No sector of the healthcare industry has been spared from the effects of healthcare reform over the past decade. Academic medical centers (AMCs) have been particularly vulnerable to changes in healthcare delivery, due to the high cost and innovative care these centers provide.
What are academic medical centers?
Academic medical centers are hospitals that have integrated with medical schools to provide primary education for medical students and residents. Like teaching hospitals, these facilities also conduct frequent medical, academic, and commercial research with their patient populations to pioneer the most cutting-edge treatments.
How many academic medical centers are there in the U.S?
According to the Definitive Healthcare HospitalView product, there are about 216 hospitals classified as academic medical centers in the United States. Most of them are large, non-profit acute care facilities, with an average of 526 staffed beds and 26,000 annual discharges, according to data from 2022.
Top academic medical centers by number of staffed beds
|Net Patient Revenue
|# of Discharges
|# of Staffed Beds
|Jackson Memorial Hospital
|Cleveland Clinic Main Campus
|Mayo Clinic Hospital - Saint Mary’s Campus
|Atrium Health Carolinas Medical Center
|Memorial Hermann - Texas Medical Center
|Beaumont Hospital - Royal Oak
|Ohio State University Wexner Medical Center (AKA Ohio State University Hospital)
Fig. 1: Data from the Definitive Healthcare Hospitalview product. Accessed September 2022.
Challenges facing academic medical centers
In addition to advancing medical education and research, academic medical centers primarily treat underserved communities, with many patients who are uninsured, underinsured, and experiencing poverty. This type of care often comes at a significant cost to a hospital’s financial performance. However, Definitive Healthcare data shows that, while AMCs face some disadvantages on this front, new strategies may be able to help.
Lower-income patient populations are at higher risk of developing chronic illnesses and delaying care—resulting in complications and unfavorable care outcomes. This trend generally puts downward pressure on hospital finances, and data shows that AMCs have been suffering declining margins compared to the national median.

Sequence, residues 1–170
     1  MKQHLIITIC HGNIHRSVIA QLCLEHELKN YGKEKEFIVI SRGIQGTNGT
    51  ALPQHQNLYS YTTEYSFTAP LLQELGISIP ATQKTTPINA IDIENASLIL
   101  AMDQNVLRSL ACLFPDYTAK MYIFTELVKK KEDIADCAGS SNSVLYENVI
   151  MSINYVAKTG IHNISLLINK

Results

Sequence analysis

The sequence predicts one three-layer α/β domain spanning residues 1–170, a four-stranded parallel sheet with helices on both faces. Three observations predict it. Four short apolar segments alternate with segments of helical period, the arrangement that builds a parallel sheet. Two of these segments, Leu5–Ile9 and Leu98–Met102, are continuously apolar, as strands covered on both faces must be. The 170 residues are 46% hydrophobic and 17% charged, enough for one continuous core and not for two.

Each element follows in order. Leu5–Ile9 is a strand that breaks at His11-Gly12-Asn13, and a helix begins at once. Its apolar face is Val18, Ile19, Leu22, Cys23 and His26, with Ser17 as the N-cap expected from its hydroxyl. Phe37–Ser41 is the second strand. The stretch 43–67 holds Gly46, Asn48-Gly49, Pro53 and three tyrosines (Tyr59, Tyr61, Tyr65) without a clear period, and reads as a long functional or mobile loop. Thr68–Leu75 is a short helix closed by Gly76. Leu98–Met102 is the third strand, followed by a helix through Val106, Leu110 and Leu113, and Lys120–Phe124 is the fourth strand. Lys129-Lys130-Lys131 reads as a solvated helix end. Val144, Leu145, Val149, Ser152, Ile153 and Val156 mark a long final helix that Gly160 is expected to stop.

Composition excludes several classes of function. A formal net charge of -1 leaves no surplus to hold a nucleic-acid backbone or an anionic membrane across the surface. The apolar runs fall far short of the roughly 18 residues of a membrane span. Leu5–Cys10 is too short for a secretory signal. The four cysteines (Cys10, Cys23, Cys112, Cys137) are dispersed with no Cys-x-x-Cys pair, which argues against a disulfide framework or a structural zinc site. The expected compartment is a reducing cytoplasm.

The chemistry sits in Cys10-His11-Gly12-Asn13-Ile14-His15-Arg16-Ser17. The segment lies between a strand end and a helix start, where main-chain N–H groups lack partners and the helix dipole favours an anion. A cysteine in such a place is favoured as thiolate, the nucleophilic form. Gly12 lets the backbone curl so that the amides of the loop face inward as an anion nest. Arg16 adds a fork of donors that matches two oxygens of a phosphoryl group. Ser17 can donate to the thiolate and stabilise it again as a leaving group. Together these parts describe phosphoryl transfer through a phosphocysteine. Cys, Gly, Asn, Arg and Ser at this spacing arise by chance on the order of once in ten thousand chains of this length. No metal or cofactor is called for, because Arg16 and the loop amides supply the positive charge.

Rising healthcare costs and increased consumerization have contributed to the financial decline of AMCs. According to a study from PricewaterhouseCooper, half of surveyed patients said they would not pay more for specialized care offered by AMCs and similar medical centers. In response, many academic institutions and healthcare organizations are consolidating in order to lower overhead costs and remain operational.
In addition to operating and care costs, medical research and education are also significant investments. These goals further decrease profit margins, as they must often be subsidized by income from clinical operations. As far back as 2000, analysts have pointed out the struggles of academic medical centers to remain operational.
Academic medical centers are developing new operational strategies
Though research and education often carry significant costs, they also yield impressive benefits when properly leveraged. A strong clinical reputation—not driven by quality scores alone, but by innovative clinicians acting as pioneers in their field—can make an academic medical center an attractive destination for patients seeking specialty care.
The CEO of Banner University Medical Center (BUMC), an AMC in Arizona, described their unique approach. Hospital leaders at BUMC reorganized their clinical departments into “institutes” - interdisciplinary groups of providers that focus entirely on specific conditions.
The idea was to unify personnel from multiple areas of the hospital to coordinate care for a single illness, rather than keep physicians, educators, and researchers in distinct silos. This approach was a major undertaking, and the hospital had to hire a team of data analysts and engineers to oversee the transition. Today, BUMC is still operating via specialized institutes, indicating that it may be a promising solution.
Affiliations and partnerships have been another common method among AMCs to strengthen their positions, just as they have been for other types of hospitals. These centers can improve their competitive edge and position themselves as ideal partner in their market by offering the expertise of their providers at other hospitals.
Though some financial indicators for AMCs as a whole look bleak, it’s unlikely that the overall number of centers is going to see a significant decline. Most AMCs are simply too vital as both community providers and training grounds for future physicians. These facilities will continue to be in high demand as the healthcare staffing shortage progresses.
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